The sole purpose of Wildlife Services predator control is to prevent commercial livestock losses from predation by wolves, coyotes, mountain lions, and other wild carnivores (NRDC, 2011). They work with state and local governments and use a combination of lethal control methods like trapping, poisoning, and gunning. There are many different types of trapping, poisoning, and gunning.
There are four main apparatuses used for trapping. Leghold traps are designed to catch the animal by the toes, foot, or leg, with a tightly gripping metal trap. The animal that is captured by this method suffers a great deal of injuries, exposure, hunger, and thirst. Conibear traps are a little bit more humane in the sense that they are designed to be a “quick kill” mechanism which crushes the animal to kill it. This type of trap is mainly used on water animals, but they have been found with pets caught in them and some still alive. Cage traps are a pretty common use in urban areas. The animal is drawn to the cage with some sort of bate and is unharmed (for the time being), most of the animals are killed and not released. Wildlife Services uses this method because of potential liability issues (NRDC, 2011).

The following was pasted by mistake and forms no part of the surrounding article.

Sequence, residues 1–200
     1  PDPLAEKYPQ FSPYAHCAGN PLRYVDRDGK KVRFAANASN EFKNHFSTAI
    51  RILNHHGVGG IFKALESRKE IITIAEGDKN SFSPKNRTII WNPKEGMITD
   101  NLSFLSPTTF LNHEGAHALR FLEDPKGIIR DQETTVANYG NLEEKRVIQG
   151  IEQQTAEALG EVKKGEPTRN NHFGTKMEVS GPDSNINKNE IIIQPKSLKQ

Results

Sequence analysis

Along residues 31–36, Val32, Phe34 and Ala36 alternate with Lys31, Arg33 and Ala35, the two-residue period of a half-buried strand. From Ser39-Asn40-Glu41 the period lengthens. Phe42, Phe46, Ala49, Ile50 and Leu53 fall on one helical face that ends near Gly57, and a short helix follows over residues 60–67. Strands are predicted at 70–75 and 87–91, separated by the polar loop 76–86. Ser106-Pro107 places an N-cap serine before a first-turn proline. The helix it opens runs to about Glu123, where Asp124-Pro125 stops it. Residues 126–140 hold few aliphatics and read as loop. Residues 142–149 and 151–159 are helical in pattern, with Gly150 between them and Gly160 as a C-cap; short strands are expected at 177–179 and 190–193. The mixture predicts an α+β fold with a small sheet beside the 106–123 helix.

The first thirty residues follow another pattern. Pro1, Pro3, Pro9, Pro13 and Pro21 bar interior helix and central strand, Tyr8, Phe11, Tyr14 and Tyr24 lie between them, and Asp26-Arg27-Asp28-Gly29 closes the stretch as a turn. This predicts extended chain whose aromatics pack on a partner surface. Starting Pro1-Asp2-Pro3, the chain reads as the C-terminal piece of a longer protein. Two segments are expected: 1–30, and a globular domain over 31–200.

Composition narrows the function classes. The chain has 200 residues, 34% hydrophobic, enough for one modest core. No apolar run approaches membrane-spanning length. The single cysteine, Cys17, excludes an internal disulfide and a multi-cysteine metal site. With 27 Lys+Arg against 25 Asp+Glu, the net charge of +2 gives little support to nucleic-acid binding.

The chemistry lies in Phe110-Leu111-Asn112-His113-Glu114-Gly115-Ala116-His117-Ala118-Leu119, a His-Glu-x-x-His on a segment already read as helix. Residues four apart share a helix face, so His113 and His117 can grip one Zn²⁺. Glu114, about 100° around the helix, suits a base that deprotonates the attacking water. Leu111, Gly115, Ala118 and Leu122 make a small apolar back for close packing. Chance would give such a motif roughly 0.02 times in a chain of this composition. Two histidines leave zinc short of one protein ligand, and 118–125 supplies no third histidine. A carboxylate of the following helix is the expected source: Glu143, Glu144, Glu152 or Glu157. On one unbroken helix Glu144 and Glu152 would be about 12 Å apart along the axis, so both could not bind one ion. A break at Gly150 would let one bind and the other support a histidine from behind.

Wildlife Services also uses the technique of gunning. The first technique is aerial gunning, in which predators are being shot down by use of a helicopter or fixed-wing aircrafts (NRDC, 2011). Shooting is a method that they use by calling an animal and then shooting it. This means, they use a call that sounds like prey and when that animal comes around looking for food, the Wildlife Services shoot it. Hunting dogs are used to track predators or they are used as “decoy dogs” to draw the predators in.
Compound 1080 is a tasteless, odorless, colorless poison that is extremely toxic to all mammals and lethal to canines. In the past, large chunks of meat were baited and left out where they killed any predator or scavenger that ate them. At present, the only legal use of Compound 1080 is in "livestock protection collars" (LPC’s), which are rubber bladders that are filled with a water solution of 1080 and placed around the necks of sheep or goats. Coyotes normally attack sheep by biting them in the neck. When a coyote punctures an LPC, a few drops of the poison enter the coyote’s mouth. The remainder drips onto the wool and into the torn flesh of the target sheep (which invariably dies) and onto the ground or plants where the sheep is attacked. The meat that poisoned coyotes vomit up is extremely toxic to scavengers. In the days when 1080 was used to bait carcasses and frequently poisoned dogs, the vomit from one dog sometimes wiped out whole packs of hunting hounds. While Wildlife Services is required to attempt to find poisoned coyotes, less than 10 percent are recovered. These carcasses serve as poison bait stations to scavengers, as does that of the dead sheep, which under the regulations can remain on the range as long as a week. "Historically, there has been...